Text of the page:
Learning Kinyarwanda.

This post is about the 2nd month of our service in Rwanda. See the previous post here:

Painting in Rwanda.

The second month of Peace Corps training was very difficult. Long days of brutal language training kept us mentally and emotionally drained, and then we would go home to our host families where they would continue to try and cram more language and culture training into us.

It was a 45 minute walk into town, which had one of the most beautiful views we had ever seen. We got to know some of the people we would walk by in the village of Kibanza. That walk was the highlight of our day.

The view on the road from Kibanza to Gacurabwenge.
The view on the road from Kibanza to Gacurabwenge.

Once we got into town, we went into a tiny room with two or three students per language trainer and studied language for 8 hours. The room barely fit 3 people, it was hot, and it didn’t smell pleasant. Sam, our teacher, was great but a bit malodorous. Rwanda doesn’t really have dry-erase boards. Even in the classrooms they use chalkboards and old bits of mattresses as erasers. In our language training we used flip chart paper… about a zillion sheets of flip chart paper.

Learning Kinyarwanda
Learning Kinyarwanda.

Kinyarwanda is a very difficult language. It has 16 “noun classes” which means that everything fits in one of 8 categories that each have their own prefix if it is singular and another if it is plural. For example, umu and aba are prefixes for humans. Umunyamerika means American, and Abanyamerika means Americans. For thinks like animals the noun prefixes are iki(sometimes igi) and ibi. So igisimba means monster, and ibisimba means monsters. Those are 4 of the noun classes. There are 16. Confusing enough? Now let me tell you about conjugating verbs. This is how you conjugate the verb kugaruka which means to return.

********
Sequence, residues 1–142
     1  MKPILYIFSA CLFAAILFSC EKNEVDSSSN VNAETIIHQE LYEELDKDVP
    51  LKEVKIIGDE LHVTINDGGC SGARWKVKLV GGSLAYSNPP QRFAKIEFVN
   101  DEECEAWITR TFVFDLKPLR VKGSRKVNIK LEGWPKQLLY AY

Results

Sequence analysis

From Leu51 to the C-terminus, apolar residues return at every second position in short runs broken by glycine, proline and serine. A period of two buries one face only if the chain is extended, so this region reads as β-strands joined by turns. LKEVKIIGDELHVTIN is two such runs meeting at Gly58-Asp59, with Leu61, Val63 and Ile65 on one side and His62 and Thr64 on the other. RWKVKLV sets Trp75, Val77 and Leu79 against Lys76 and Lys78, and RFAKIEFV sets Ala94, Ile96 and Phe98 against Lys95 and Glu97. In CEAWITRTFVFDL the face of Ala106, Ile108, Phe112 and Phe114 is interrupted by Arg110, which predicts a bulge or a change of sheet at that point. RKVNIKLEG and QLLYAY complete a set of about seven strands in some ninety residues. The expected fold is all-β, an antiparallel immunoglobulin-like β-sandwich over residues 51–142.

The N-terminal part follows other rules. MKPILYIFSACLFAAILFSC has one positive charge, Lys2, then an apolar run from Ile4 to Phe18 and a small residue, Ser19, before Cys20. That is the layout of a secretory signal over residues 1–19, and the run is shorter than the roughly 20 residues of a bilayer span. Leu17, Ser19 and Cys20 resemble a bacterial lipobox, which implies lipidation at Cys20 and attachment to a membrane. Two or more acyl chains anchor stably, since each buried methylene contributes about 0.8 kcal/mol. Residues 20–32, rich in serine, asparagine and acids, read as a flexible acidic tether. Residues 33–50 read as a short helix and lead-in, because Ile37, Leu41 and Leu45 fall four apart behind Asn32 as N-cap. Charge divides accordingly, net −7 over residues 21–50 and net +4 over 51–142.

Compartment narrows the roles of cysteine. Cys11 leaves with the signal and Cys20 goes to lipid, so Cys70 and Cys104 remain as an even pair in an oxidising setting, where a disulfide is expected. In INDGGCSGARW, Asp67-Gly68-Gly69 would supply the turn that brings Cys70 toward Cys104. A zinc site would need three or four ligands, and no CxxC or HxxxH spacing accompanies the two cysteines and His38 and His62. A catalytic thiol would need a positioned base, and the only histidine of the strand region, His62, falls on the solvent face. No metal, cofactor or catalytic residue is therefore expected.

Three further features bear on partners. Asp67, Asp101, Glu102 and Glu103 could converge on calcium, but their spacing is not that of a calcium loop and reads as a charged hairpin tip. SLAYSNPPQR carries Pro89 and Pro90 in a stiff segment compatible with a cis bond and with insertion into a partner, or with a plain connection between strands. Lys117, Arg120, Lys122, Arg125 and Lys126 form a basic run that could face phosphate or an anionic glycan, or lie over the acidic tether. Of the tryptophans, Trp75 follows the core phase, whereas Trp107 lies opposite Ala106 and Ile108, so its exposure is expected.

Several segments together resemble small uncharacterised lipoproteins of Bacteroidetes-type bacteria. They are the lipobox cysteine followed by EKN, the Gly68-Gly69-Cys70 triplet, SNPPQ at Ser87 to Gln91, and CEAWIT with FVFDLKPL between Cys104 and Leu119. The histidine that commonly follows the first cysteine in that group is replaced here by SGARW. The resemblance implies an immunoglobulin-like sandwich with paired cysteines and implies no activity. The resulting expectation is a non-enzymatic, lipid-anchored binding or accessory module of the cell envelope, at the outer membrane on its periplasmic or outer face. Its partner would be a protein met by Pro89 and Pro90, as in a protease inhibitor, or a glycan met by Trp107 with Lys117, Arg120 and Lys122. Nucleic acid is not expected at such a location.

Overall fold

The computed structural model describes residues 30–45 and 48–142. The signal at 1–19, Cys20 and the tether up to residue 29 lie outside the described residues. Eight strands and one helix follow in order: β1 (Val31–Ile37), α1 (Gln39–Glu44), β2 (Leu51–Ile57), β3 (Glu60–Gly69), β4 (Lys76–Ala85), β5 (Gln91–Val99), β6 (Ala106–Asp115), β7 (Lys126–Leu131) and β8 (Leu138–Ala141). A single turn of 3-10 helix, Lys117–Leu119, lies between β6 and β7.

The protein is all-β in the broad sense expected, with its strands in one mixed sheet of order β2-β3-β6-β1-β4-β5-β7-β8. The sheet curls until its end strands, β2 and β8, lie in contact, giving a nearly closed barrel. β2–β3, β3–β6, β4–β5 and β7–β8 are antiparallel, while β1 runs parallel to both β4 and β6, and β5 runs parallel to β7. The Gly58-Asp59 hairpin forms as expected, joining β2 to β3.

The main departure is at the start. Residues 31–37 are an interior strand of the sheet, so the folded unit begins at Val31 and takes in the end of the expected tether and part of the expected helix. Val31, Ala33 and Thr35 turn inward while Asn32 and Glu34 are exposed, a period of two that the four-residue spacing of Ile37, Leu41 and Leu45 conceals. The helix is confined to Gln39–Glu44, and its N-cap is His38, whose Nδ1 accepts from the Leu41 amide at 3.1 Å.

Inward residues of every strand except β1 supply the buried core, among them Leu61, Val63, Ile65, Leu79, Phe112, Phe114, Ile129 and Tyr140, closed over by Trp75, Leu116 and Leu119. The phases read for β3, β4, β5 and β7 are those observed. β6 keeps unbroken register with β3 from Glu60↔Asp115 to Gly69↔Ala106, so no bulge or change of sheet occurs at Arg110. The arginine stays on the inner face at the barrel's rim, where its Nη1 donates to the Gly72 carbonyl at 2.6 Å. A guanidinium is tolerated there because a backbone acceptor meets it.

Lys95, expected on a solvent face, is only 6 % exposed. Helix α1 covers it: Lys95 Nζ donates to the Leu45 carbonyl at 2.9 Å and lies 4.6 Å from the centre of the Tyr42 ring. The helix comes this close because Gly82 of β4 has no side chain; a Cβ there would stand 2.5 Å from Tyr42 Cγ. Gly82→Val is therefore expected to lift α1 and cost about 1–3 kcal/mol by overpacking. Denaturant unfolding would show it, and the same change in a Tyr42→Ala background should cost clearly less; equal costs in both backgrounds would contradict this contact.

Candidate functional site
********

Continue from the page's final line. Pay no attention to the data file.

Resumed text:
I return (every day): ngaruka

I am returning: ndagarutse

I will return (today): ndagaruka

I will return (tomorrow or later): nzagaruka

I returned: nagarutse

At this point in training we want to bash our brains in. Then, they drop a bombshell on us. Infixes! An infix is like a prefix but in the MIDDLE of the word! They are like pronouns that say it, he, there, and so on. Of course, there are 16 of them. One for each noun class.

Ndagukunda: I love you

Ndamukunda: I love him/her

Ndabikunda: I love them (but they are things, not humans)

So by the end of training, we all have some degree of PTSD. Even the mention of flip charts or noun classes give us little emotional breakdowns.

After 3 months of training we have an oral exam. To go to site and begin Peace Corps service we must get a score of intermediate low or higher. What happens if you don’t pass? You win the grand prize of three additional weeks of language training!

The second month of training was probably the most challenging month we have ever experienced. The combination of culture shock, intense training, and complete lack of privacy were psychologically exhausting.

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